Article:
From frontpiece of Legendary Tales of the Australian Aborigines (1924)
David Unaipon i(58 works by)
Also writes as: Ngunaitponi
Born: Established: 28 Sep 1872 Raukkan / Narrung, Meningie - Coorong area, South East South Australia, South Australia, ; Died: Ceased: 7 Feb 1967 Tailem Bend, Murray Bridge - Tailem Bend area, Lower Murray area, Murray - Mallee area, South Australia,
Gender: Male
Heritage: Aboriginal ; Aboriginal Ngarrindjeri people
AustLit is a subscription service. The content and services available here are limited because you have not been recognised as a subscriber. Find out how to gain full access to AustLit


David Unaipon was born at the Point McLeay Mission, South Australia, and attended the mission school until 1885 when he left to become a servant. Encouraged by others to pursue his interest in philosophy, science and music, Unaipon read widely and became well-known for his intellectual capacity and inventions. He spoke regularly at schools and learned societies, and often attended government enquiries.

In the 1920s, he began to study western mythology and began collecting his own people's myths and legends. He wrote for the Sydney Daily Telegraph newspaper from 1924, and began publishing compilations of his myths. He is considered to be the first Indigenous Australian author, publishing Aboriginal legends in the 1920s. Without permission, the publisher Angus and Robertson sold the copyright of the stories to William Ramsay Smith who published Myths and Legends of the Australian Aboriginals (1930) without acknowledgement. W. R. Smith also published some of Unaipon's stories as Australian Legends (1984), with notes in Japanese.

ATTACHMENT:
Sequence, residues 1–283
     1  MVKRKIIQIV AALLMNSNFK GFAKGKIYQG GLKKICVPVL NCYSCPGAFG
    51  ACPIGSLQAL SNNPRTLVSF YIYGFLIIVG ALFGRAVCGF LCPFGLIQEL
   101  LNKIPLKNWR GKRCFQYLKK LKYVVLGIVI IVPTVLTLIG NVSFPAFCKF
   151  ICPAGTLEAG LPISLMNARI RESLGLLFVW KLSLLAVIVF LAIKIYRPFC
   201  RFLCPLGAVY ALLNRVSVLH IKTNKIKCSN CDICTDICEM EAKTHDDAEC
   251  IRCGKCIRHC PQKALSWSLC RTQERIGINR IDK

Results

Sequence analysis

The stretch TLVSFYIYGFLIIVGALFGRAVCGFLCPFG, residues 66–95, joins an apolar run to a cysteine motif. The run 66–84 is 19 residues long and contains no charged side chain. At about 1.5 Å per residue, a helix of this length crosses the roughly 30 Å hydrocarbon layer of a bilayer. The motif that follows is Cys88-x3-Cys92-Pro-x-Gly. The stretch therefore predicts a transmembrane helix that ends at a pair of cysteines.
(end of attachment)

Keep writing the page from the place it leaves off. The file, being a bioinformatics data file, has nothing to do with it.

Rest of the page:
Remaining a prominent voice in Aboriginal affairs, Unaipon continued to advise the state and Commonwealth, appearing before several royal commissions into the treatment of Aborigines.

David Unaipon received a Coronation medal in 1953. He continued to travel and speak widely and, late in life, returned to his inventions, seeking the key to perpetual motion. He died in 1967. In the 1990s, Unaipon's manuscript of Aboriginal legends was edited and published as Legendary Tales of the Australian Aborigines (2001), adopting his original title and finally acknowledging his authorship.

An annual award, The David Unaipon Literary Award, for an unpublished manuscript by and Aboriginal or Torres Strait Islander writer honours him. He is also depicted on the Australian $50 note.

David Unaipon was chosen as one of 150 great South Australians by a panel of The Advertiser senior writers to celebrate the 150th Anniversay of The Advertiser newspaper, 12 April 2008.


  • See also the full Australian Dictionary of Biography Online entry for David Unaipon.

Awards for Works

David Unaipon's Style of Subversion: Performativity and Becoming in 'Gool Lun Naga (Green Frog)' JASAL , Special Issue 2008 single work criticism 'This paper theorises Aboriginal author David Unaipon's style of subversion. Firstly, Unaipon's manner of dress is investigated as an embodied, performative Aboriginal resistance strategy that fits within a worldwide history of dandyism. Secondly, a close reading of one of Unaipon's short stories ('Gool Lun Naga (Green Frog)') reveals how his performative method of resistance is apparent not only in his dress, but in his writings as well. Such an analysis seeks to intervene in a history of criticism on Unaipon's life and writing that fails to account for the many contradictions within his life and writing. Ultimately, the failure to account for the many contradictions in Unaipon's life is seen as contributing to the colonial present (Gregory), where colonial discourses still operate to define and limit Aboriginality. Unaipon's constant struggle against such discourses is read as a "becoming-imperceptible" (Deleuze and Guattari); a style of subversion that has paved the way for many Aboriginal artists since.' (Author's abstract)
2007 joint winner ASAL Awards A. D. Hope Prize
Last amended 20 Jun 2016 11:04:21
Other mentions of "" in AustLit: